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Dementia information for people with learning disabilities (easy read)

​Dementia is the word given to changes in your memory, thinking, language and behaviour.

​Dementia is caused by diseases that damage your brain. 

The most common type of dementia is caused by Alzheimer’s disease.

​When you have Alzheimer’s disease cells in the brain begin to die and cannot grow again.

​Who can get dementia?

​Men and women get dementia.

​Most people who get dementia are older but it is not a normal part of ageing.

Younger people can sometimes get dementia.

​People with learning disabilities and Downs syndrome are more likely to get dementia when they are younger.

​You cannot catch dementia from another person.

​How dementia affects people

​Dementia makes remembering things difficult.

You may forget names or where you have put things.

​Dementia can change how you feel and behave.

You might feel sad or angry or get confused.

​You might find it hard to do activities like cooking, shopping or getting dressed.

​How to find out if you have dementia

​If you are worried about your memory you can talk to your doctor, nurse or social worker.

The Adult Learning Disability Team are here to help you.

​They can ask for you to have a dementia screening assessment.

An assessment means you will be asked some questions to see how you remember, think and do things.

​The assessment will be at your home and you need to have someone with you who knows you very well.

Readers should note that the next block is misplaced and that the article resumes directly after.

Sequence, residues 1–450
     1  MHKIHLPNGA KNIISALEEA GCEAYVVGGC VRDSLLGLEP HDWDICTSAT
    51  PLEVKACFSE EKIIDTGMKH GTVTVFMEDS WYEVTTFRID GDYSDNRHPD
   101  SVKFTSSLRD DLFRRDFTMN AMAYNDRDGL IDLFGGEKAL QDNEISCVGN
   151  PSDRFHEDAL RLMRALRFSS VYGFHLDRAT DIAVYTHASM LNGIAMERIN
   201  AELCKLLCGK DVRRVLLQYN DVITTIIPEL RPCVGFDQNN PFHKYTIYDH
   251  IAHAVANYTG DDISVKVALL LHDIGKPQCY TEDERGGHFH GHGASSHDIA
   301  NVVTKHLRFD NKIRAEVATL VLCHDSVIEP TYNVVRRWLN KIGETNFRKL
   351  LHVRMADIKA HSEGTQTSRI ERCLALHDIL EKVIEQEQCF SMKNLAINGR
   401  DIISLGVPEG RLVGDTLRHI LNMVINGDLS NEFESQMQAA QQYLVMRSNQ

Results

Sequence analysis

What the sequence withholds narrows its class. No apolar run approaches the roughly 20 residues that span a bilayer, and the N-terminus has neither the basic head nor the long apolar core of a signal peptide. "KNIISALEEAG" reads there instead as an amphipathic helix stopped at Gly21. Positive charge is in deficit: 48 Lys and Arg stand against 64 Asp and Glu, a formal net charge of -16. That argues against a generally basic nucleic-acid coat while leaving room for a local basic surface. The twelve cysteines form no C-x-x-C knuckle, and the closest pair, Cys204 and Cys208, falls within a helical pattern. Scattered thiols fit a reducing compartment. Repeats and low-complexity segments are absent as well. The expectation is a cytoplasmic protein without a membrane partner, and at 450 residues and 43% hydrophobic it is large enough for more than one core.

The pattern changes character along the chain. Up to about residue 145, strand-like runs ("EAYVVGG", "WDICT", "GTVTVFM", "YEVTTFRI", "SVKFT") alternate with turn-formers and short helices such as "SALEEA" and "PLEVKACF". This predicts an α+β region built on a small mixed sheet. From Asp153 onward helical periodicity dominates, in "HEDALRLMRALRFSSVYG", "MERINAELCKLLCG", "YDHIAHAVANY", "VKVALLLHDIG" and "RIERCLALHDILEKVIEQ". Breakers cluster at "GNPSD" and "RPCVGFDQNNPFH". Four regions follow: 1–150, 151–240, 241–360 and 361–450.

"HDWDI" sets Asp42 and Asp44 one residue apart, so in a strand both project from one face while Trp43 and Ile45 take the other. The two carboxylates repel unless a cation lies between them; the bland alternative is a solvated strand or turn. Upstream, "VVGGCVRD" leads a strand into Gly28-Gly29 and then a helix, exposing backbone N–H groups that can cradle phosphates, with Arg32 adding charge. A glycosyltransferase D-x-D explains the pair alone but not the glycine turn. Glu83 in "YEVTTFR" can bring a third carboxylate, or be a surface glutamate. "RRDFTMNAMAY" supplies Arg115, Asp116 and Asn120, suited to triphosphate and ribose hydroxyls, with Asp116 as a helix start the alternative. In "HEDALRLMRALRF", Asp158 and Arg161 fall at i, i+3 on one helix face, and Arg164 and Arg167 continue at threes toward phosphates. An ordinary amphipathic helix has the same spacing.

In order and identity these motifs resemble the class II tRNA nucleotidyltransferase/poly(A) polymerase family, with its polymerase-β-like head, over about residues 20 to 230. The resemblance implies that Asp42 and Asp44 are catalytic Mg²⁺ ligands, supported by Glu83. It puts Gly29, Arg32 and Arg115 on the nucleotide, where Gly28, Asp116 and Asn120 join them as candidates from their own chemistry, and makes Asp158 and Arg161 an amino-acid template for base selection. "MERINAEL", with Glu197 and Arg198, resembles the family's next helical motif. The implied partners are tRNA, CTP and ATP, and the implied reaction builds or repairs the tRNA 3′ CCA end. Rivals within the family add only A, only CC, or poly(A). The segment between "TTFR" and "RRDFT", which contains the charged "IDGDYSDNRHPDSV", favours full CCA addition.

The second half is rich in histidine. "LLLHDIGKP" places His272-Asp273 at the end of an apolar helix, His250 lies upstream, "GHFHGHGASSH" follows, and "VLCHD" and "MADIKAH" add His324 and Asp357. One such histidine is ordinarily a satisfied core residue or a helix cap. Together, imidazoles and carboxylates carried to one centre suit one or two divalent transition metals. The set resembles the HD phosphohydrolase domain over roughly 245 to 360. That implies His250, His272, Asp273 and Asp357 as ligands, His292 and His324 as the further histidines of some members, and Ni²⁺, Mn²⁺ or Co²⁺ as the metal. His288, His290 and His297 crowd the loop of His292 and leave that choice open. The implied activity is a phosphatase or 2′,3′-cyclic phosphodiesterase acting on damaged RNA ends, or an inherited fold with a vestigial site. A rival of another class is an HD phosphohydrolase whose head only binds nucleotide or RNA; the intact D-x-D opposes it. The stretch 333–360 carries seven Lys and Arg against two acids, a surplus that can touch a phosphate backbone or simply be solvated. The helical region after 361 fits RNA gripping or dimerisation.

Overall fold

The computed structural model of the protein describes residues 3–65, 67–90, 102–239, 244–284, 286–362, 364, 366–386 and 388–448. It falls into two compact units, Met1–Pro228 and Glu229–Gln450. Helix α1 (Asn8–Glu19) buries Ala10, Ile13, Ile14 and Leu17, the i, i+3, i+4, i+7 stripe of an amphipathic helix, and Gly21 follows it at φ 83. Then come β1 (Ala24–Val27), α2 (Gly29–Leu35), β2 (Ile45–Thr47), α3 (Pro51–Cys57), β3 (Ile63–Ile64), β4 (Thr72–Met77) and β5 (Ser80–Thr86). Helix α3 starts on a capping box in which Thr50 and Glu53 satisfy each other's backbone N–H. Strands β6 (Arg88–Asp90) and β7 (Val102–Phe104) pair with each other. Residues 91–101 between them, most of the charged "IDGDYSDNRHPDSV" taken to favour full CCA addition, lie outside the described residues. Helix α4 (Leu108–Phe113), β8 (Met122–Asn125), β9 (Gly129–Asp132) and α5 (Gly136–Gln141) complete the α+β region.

​After the first assessment you will get a report to tell you what will happen next.

​You will be put on a waiting list for a health check. 

This is to see if you have any health problems that are causing your memory loss.

​If you are worried about your memory at any time you must call your doctor.

​If your memory loss is not from other health problems.

You might be asked to go to the memory clinic for more tests.

​You might be asked to go for a scan of your brain.

This helps the doctors to see what your brain looks like.

​There might be medicines that can help you keep doing everyday things for longer.

Your doctor will talk to you about these.

​Staying well

​There are things you can do to stay well.

​Keep active and get lots of exercise. 

Wear a helmet when you cycle your bike, this will keep your head safe.

​Eat healthy food and do not drink too much alcohol or sugary drinks.

Keep a healthy weight.

It is better not to smoke.

​Look after your hearing.

Sleep well.

​See family and friends.

Learn new things.

​For more information 

Contact Dementia Jersey:

+44 (0) 1534 723519

Contact us

Adult Learning Disability Service
Eagle House
Don Road
St Helier

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